When Arun Vijai M began photographing mortuaries, he chose not to focus on death. Instead, he turned his lens on the lives of Dalit sanitation workers, who don aprons every day and assist pathologists in dissecting corpses during post-mortems.

A stunning collection of Vijai’s stark and evocative photographs are on show at the University of Madras as part of the ongoing Chennai Photo Biennale. In these 50-odd images, the 30-year-old photographer from Nagercoil, Tamil Nadu, captures the self-evident – the workers, their blood-stained gloves, blue aprons, forensic instruments, and the corpses. At the same time though, there is an attempt to look deeper through photos of the hamlets where the Dalit workers live, their short lunch breaks, and the odd siesta in the mortuary.

“The work that was considered dirty or lowly, and especially the work associated with the dead, was given to Dalits,” said Vijai. “Men who belong to the Dalit community are still forced to clear dead animals in our villages. They are the ones who bury or cremate the dead or even announce the news of death. This tradition seems to have evolved over a period, with [these] men now being assigned to perform dissection of corpses during post-mortem.”

Inside a mortuary.

In 2011, Vijai, a computer science graduate, was attending a programme in Oracle when he realised that his “true calling was photography”. To fuel his passion, he got admission at the National Institute of Design in Ahmedabad. This was the time when there were several so-called “honour killings” in Tamil Nadu, and he had been left deeply disturbed by them.

“Initially, I wanted to choose this [honour killings] subject for my [photo] project,” he said. “Since I was studying in Gujarat, I got in touch with the Navsarjan Trust.” Navsarjan is a grassroots organisation dedicated to securing human rights for all. Its mission, it says, is to eliminate discrimination based on untouchability practices.

Members of the trust introduced Vijai to sanitation workers in mortuaries, who had been inducted by doctors as assistants for conducting post-mortems. “Since it is considered a dirty job, hospitals prefer sanitation workers who belong to the Dalit community to do this,” he said. “A month after joining the work, they are trained to dissect corpses.”

Sanitation workers mop a mortuary's floor.

“Excluding cases referred by the Revenue Department Officer, custodial deaths and those afflicted with HIV, the sanitation workers do the job of cleaning the corpses, dissecting and removing viscera, stitching and preparing the corpse to be give it to the family of the deceased,” said Vijai.

Despite all these additional responsibilities, the designation of the sanitation workers doesn’t change. Nor do they get any extra pay. “They remain sanitation workers while doing the work of lab technicians,” said Vijai, who is now part of the Photographers for Environment and Peace Collective and a visiting faculty member at the Woxsen School of Art and Design in Hyderabad.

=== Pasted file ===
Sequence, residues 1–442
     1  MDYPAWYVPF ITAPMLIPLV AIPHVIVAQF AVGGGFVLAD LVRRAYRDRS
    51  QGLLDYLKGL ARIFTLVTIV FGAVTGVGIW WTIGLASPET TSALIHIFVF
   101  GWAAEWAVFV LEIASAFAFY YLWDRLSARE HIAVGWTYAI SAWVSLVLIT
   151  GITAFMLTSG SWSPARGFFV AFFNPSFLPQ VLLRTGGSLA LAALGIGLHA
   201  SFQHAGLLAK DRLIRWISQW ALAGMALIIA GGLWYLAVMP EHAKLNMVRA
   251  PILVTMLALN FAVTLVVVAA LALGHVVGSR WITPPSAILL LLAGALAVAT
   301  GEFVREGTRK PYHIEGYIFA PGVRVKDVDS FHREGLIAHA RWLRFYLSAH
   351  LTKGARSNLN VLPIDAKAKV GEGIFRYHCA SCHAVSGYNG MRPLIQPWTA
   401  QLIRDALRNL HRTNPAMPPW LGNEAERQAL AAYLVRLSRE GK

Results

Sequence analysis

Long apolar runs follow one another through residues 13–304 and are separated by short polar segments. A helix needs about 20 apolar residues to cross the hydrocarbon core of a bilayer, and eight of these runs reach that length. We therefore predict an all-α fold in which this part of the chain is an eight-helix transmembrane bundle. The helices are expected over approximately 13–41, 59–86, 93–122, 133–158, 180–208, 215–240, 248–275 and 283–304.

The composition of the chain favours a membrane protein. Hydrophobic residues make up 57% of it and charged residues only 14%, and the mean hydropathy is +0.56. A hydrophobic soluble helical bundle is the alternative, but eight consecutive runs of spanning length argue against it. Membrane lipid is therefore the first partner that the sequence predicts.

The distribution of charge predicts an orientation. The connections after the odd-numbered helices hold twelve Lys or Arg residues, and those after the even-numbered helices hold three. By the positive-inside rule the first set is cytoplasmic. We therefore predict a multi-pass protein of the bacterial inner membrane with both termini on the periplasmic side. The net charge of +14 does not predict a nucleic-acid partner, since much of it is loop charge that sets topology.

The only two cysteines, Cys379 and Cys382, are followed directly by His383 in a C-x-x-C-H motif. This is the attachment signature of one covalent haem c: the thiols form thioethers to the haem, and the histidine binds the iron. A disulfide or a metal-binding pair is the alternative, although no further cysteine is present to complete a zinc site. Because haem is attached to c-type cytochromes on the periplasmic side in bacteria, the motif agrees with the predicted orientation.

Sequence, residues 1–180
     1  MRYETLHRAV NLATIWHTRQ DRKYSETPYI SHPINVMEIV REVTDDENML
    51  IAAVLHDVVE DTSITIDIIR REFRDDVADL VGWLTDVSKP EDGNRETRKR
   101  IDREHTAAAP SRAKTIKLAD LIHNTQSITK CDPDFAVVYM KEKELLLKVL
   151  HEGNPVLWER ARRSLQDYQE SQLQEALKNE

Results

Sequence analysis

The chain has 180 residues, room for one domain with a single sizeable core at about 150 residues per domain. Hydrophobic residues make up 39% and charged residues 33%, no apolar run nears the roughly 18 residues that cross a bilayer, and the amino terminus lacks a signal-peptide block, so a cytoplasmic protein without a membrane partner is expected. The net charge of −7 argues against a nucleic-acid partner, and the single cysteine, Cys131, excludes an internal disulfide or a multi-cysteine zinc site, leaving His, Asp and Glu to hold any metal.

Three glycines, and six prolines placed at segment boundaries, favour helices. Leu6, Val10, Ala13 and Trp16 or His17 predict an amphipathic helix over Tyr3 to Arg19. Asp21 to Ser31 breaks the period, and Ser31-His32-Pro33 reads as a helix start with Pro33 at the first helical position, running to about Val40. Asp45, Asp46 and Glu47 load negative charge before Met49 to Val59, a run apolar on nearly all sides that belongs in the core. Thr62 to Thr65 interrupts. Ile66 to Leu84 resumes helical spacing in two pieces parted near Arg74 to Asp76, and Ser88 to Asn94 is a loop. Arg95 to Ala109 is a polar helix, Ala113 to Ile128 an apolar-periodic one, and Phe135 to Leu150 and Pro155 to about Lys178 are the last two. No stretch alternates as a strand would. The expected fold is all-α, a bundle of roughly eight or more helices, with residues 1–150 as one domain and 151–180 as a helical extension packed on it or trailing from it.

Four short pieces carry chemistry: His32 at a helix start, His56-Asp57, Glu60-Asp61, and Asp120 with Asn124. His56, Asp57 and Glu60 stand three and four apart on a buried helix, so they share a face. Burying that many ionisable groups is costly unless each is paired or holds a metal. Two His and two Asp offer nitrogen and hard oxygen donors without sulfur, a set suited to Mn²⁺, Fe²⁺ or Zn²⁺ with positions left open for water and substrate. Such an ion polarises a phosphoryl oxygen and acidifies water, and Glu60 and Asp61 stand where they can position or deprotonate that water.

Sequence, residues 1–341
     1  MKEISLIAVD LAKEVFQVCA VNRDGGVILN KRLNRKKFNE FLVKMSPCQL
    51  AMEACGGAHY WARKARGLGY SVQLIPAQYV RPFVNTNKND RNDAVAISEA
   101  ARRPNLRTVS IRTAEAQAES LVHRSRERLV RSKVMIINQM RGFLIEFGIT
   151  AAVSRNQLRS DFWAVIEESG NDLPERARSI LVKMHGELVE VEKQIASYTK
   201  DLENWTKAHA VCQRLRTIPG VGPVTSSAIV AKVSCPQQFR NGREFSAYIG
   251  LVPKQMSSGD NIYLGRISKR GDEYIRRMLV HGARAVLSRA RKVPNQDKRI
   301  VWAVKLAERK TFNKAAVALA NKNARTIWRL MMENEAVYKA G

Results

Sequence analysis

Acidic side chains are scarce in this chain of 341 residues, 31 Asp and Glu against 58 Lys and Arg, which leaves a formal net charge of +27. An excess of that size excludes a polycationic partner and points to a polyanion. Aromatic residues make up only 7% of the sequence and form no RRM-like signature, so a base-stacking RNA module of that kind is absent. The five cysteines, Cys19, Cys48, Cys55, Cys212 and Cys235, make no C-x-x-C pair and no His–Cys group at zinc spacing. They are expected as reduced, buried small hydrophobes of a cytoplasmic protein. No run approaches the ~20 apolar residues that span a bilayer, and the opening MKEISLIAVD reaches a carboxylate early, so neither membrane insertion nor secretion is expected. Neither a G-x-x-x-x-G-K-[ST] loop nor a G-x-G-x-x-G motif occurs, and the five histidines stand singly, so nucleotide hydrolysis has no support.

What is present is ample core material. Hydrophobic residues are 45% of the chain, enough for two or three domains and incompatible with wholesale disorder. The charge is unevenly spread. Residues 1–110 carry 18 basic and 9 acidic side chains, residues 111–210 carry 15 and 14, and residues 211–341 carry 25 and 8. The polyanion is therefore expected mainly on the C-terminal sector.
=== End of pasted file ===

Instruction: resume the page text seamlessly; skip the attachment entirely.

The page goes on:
A body cleaned in a mortuary in Tamil Nadu.

During his time in Gujarat, Vijai visited at least 27 mortuaries. His first visit was to a mortuary in Kheda in February 2016, nearly 70 km from his college in Gandhinagar. After three failed attempts to watch a post-mortem, when he did reach the morgue on time, he had to leave within two hours.

“I began to shiver watching the corpse being dissected,” said Vijai. “The stench never left me till I reached the hostel. I took a bath, washed all my clothes and my bag. I felt [as though the] corpses [were] sleeping next to me. I started looking at everyone as corpses and it complicated my relationships. I even thought of reconsidering my project.”

Nevertheless, three days later, he visited the mortuary again. This second visit helped him get over his fears – to an extent. He began interacting with the sanitation workers, went to their living quarters and took some photos. But permission to shoot inside the morgue was refused: “The doctors felt it was too sensitive to allow someone to photograph the workers in mortuaries.”

In April 2016, Vijai tried his luck in his home state, and managed to get the consent of doctors and sanitation workers in two hospitals. For the first three-four weeks, he visited mortuaries without his camera to build a rapport with the sanitation workers. “Once they started feeling comfortable with me, I took the camera I’d borrowed from my friend to shoot.” After taking a few pictures, he printed them and showed them to the workers. “This helped me explain my project to them and gain their trust.”

Once the shoot began, there was no turning back. Vijai photographed at least 100 to 150 post-mortems over a year in Tamil Nadu and accumulated around 2,200 images. One photo features a sanitation worker eating his lunch in the mortuary. Another shows half-empty juice bottles left on the windowsill. Both these photos poignantly illustrate how the life of a sanitation worker is centred around the mortuary, but there is not much economic or social mobility.

Vijai sent his work to at least eight places after graduating from the National Institute of Design, but there were no takers until the Photo Fest in Houston accepted it in March 2018. Late last year, it was exhibited at Jadavpur University in Kolkata. He is now thinking of turning his photo project, Millennia of Oppression, into a book.

Vijai, who delivered a talk on his work at the Chennai Photo Biennale, knows his images will not change the lives of sanitation workers. Maybe that was not even the intention. “This attempt is to show the world how the oppressive caste system continues to evolve with the evolution of science,” he said.

A place for the sanitation workers in a mortuary to keep their belongings.

All photos courtesy Arun Vijai M.

Arun Vijai M’s photos will be on show at the University of Madras as part of the Chennai Photo Biennale till March 24.